When he's not bouncing off ball-screens, he's dishing out a team-best 132 assists and averaging 7.5 points. At the other end of the floor, his defensive instincts are the reason he leads the team with 43 steals and averages four rebounds. McConnell averages 30.9 minutes per game, second only to Johnson (31.7).
"I knew he would go out there and play," his dad, Tim, said. "Did I know he would have the impact he's had? I'd be a liar if I said yes. I didn't know he would have that kind of impact."
Said T.J.: "These guys make the shots, I just give them the ball. They make me look good by hitting the shots. I'm just here to get them the ball, set up the offense and make open shots."
The Wildcats began the season with a school-record 21 consecutive victories and appear to be a lock for the school's first Pac-12 Conference championship in three years. They are also on target for a No. 1 seed in the NCAA tournament and could even make it to Arlington, Texas in April as one of the Final Four teams, despite the season-ending foot injury to 6-foot-8 sophomore forward Brandon Ashley, another projected first-round NBA pick.
"In a lot of ways, I think Nick Johnson is the most outstanding player on the team, blessed with incredible talent who plays both ends of the floor," said Arizona State coach Herb Sendek, a Penn Hills native and Carnegie Mellon University graduate. "But T.J. is the glue to that team. He makes everybody better."
That is what Miller, the consummate pass-first point guard when he played at Pitt, was hoping when he landed McConnell.
"T.J. is kind of like a 2014 version of myself," Miller said. "The way T.J. plays in today's game, he would have played like me if he was back then and I'd probably be a lot like him if it was playing today. The one difference is, he's much better on defense than I ever was. He has these instincts and he has a competitive fire."
Miller and McConnell are very much alike, beyond their Western Pennsylvania roots. They each come from coaching families -- John Miller and Tim McConnell often went head-to-head in big games when Miller was the head coach for 35 years at Blackhawk and Riverside high schools -- and each has their own connection to star power.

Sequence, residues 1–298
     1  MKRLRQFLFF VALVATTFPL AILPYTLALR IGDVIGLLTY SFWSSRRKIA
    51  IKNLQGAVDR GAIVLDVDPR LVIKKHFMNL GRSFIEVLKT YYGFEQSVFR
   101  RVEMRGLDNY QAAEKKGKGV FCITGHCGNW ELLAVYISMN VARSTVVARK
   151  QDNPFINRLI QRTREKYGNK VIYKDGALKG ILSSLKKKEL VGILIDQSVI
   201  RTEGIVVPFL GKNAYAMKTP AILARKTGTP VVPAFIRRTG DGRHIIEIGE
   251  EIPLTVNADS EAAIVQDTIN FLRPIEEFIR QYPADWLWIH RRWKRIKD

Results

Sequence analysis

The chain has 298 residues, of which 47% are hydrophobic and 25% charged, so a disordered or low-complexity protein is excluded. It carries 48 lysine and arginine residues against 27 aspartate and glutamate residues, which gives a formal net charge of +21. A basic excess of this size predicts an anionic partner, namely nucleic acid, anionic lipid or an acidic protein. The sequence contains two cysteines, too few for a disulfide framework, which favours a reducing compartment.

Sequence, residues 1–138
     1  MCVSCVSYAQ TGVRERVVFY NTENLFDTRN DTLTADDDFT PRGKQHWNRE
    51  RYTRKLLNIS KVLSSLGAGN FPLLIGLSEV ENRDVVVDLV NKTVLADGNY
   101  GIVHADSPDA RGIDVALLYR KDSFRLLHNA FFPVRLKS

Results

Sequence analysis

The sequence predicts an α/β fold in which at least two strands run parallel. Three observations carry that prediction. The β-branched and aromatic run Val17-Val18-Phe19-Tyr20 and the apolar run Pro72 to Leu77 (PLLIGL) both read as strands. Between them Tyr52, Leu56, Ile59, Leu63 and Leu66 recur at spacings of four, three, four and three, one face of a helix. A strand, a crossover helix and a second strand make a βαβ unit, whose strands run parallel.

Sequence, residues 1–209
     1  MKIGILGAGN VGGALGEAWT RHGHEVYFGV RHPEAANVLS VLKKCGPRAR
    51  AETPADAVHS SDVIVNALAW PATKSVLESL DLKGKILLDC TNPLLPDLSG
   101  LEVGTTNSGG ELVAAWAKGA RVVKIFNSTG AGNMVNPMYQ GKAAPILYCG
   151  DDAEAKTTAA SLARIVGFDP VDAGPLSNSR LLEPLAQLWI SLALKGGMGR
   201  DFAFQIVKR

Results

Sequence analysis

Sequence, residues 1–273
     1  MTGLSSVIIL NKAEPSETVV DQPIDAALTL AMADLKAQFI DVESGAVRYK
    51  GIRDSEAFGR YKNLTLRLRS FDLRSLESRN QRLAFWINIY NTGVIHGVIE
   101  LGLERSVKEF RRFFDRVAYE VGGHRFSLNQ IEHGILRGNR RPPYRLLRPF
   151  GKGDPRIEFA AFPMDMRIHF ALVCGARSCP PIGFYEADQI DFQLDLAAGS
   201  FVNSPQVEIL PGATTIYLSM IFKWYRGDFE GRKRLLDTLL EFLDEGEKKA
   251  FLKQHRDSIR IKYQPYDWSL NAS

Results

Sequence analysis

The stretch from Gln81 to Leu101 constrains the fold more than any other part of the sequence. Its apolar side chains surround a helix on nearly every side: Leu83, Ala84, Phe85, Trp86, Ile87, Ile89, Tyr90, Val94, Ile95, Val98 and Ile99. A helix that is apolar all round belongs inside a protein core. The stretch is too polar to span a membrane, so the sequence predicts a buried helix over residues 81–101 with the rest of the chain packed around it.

While Miller once appeared on the Tonight Show with Johnny Carson when he was 14, displaying his prowess to dribble three basketballs at once, McConnell's aunt, Suzie McConnell-Serio, won two Olympic medals, played in the WNBA and is the first-year women's coach at Pitt. His other aunt, Kathy, is Pitt's assistant coach.
"To have a point guard like him, he's a true coach on the floor and really a dream as a coach to have on your team," Miller said "He's the only player I know that can care less about anything other than winning. We have a lot of players on this team who are really unselfish guys, but T.J. is about that one thing, which makes you feel good."
Even though he is 2,000 miles from home, McConnell is not far away from Western Pennsylvania. In addition to Miller, his assistant coach is Emanuel "Book" Richardson, who played at Pitt-Johnstown. Arizona's athletic trainer is Justin Kokoskie, a 1996 West Allegheny High School graduate who received his sports medicine degree at Pitt and grew up just several miles from McConnell's home.
With all that, McConnell feels quite at home at Arizona.
"Once we make the [NCAA] tournament, I think that will be a goal of mine that I've accomplished because I always wanted to play in the tournament," McConnell said. "But we're trying to get a Pac-12 championship here and a national championship. We can't look ahead." No one wants that more than I do. I'm going to work very hard and I know we will, too."